Birding around one of the world’s most famous landmarks, Angkor Wat in Cambodia, this morning was a strange experience, not quite knowing whether to look at the birds in the surrounding woodland or the magnificent ruins that loomed over us wherever we stopped. We entered the grounds of Angkor Wat from a little-used gate, having the place to ourselves, away from the crowds at the main, Western gate. Although the main attractions are the temple complexes there were a surprising number of birds to be seen, starting with Asian Barred Owlet perched on a dead branch. The early morning activity gave us plenty of species including a pair of mating Shikras, a few Oriental Pied Hornbills and the first of many Lineated Barbets and Red-breasted Parakeets. All of these were nice but we had a few target species here that we would be unlikely to see anywhere else on our Zootherabirding, Cambodia Birding Tour.
The first of these target species that we caught up with was Hainan Blue Flycatcher. Unfortunately, the first one we found was a female but we found several lovely males over the course of the morning including one with a white throat; an unusual colour morph of this species. Black-winged Cuckooshrike gave us some trouble but eventually everyone got a good view and a Pale-legged Leaf Warbler showed itself to the whole group. Next was a female then a male White-throated Rockthrush; stunning birds.
White-throated Rockthrush by Nick Upton
Hainan Blue Flycatcher by Nick Upton
As we searched for these species we encountered a couple of Large Hawk Cuckoos, including one extremely dark bird that I initially thought was a male Koel! A fruiting tree revealed Common Hill Myna and a few Thick-billed Green Pigeons as well as large numbers of Black-naped Orioles noisily flying from tree to tree, often chased by Greater Racket-tailed Drongo. Just as we were finishing our birding and heading to the temple we came across two Forest Wagtails, our final target of the morning, and we all enjoyed watching them strut around and wag their whole bodies from side to side.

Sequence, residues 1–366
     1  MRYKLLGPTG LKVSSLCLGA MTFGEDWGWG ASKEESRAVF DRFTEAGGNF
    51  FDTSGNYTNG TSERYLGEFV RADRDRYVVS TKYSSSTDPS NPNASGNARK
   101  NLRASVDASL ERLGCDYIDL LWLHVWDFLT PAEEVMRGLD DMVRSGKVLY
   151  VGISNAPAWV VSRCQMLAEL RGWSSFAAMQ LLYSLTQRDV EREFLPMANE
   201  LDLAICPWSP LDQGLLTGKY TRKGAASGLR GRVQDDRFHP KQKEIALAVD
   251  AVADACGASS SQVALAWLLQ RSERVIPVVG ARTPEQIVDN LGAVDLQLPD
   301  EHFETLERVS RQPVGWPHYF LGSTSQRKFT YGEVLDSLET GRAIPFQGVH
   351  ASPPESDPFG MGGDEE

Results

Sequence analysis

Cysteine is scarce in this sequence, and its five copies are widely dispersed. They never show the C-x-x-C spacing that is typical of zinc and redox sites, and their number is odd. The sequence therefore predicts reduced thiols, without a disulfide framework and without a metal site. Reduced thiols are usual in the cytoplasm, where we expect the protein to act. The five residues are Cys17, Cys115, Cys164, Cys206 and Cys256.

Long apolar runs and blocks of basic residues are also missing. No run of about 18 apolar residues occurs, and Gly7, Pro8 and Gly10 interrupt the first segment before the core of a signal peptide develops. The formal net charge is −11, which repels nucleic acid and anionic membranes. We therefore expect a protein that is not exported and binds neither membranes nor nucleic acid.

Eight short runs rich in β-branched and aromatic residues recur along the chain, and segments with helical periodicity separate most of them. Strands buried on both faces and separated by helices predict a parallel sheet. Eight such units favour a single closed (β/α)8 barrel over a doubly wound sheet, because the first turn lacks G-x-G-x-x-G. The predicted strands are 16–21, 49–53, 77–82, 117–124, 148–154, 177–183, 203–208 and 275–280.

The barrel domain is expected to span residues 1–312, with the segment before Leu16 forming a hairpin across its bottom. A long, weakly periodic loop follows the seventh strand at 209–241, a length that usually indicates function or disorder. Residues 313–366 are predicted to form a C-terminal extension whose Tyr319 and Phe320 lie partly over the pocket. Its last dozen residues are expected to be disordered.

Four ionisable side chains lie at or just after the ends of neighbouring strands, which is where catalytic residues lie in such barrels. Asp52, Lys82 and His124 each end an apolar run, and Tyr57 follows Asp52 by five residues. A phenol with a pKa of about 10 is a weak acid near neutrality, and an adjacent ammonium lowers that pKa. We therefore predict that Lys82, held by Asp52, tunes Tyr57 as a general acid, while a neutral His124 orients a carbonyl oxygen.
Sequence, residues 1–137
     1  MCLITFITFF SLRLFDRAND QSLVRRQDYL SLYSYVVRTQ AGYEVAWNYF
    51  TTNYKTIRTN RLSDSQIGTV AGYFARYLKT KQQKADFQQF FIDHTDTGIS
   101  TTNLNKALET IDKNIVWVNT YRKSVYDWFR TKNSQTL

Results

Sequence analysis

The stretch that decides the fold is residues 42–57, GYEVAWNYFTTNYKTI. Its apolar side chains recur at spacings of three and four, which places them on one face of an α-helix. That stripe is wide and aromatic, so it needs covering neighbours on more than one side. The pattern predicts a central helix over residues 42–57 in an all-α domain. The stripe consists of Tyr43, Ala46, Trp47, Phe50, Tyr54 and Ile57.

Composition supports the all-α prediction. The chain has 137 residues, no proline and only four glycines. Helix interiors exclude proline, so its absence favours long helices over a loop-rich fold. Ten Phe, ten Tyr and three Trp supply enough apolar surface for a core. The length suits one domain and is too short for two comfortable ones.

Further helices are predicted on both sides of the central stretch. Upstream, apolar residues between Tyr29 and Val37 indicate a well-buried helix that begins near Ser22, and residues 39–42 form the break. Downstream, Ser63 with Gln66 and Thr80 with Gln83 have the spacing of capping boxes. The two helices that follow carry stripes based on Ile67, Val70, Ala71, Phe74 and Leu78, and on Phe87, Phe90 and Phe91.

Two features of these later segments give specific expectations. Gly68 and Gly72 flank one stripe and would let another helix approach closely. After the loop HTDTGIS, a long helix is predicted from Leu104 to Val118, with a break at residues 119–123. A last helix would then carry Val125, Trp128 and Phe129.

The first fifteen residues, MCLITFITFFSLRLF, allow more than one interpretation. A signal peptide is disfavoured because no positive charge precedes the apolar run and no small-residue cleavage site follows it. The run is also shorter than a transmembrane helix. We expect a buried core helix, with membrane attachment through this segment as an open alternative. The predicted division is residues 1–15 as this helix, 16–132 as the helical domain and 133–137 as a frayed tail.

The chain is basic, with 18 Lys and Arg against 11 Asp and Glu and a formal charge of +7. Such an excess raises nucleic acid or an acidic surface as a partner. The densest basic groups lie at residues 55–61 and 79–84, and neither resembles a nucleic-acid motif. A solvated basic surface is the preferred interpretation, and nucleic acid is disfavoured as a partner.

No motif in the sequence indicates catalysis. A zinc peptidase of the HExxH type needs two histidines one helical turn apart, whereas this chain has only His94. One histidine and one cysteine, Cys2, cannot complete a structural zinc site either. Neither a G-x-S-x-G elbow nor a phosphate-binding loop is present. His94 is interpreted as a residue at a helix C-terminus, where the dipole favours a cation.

View from the upper galleries of Angkor Wat by Nick Upton
As things warmed up we spent the rest of the morning enjoying the temple of Angkor Wat. The weather became very hot and although visitor numbers were quite high, the temple was not too overcrowded and we were able to enjoy the views and carvings at our leisure.
Carvings of Apsara by Nick Upton
The temple is adorned by hundreds of carvings of Apsara, a female spirit, and every image is slightly different from all the others, with different poses and hairstyles. These two are some of the most famous Apsara carvings, both of them putting decorations on their hair and one of them admiring herself in a mirror.
On leaving the temple we came upon a small flock of birds that contained many Ashy Minivets, a Two-barred Warbler and a Black-winged Cuckooshrike. From the temple itself we spotted 2 soaring Black Bazas and 2 Shikras displaying to each other.
Ashy Minivet by Nick Upton
Moving on we enjoyed a respite from the heat in our air conditioned vehicle and some cold water before moving on to the temple of Ta Prohm. This has been made famous by the movie “Tomb Raider” and by the many photos in travel publications of the ruins covered in the roots of huge trees growing over them. This temple is truly magnificent; an un-restored jumble of ruins but the jungle taking over the man-made temples is an impressive sight. For our birding group an Alexandrine Parakeet was the most notable sighting.
Ta Prohm by Nick Upton
The intense heat meant that we decided to have lunch and then go back to the hotel for a rest but at around 4pm we moved out again to make a visit to the temple of Bayon, in the ancient city of Angkor Thom. This is the temple that has a plethora of faces carved into the towers on the roof, but also has some of the most impressive carvings of the whole complex. Even at 4-5pm birds were very thin on the ground with just Common Hill Mynas, Lineated Barbets and Red-breasted Parakeets in evidence.
Faces at Bayon by Nick Upton
The carvings here even contained some interesting birds although the nearby Long-tailed Macaques were threatening, even mugging one of our group for a bottle of water.
Sarus Crane carvings at Bayon by Nick Upton
At the end of this interesting day we went back to Angkor Wat to wait for darkness so that we could look for owls but a flock of Needletails provided some entertainment as they came down to drink from the massive moat – both Brown-backed and Silver-backed were seen while we called in a Brown Boobook twice, only for it to fly away both times before most people got a good view of it; that’s birding for you!.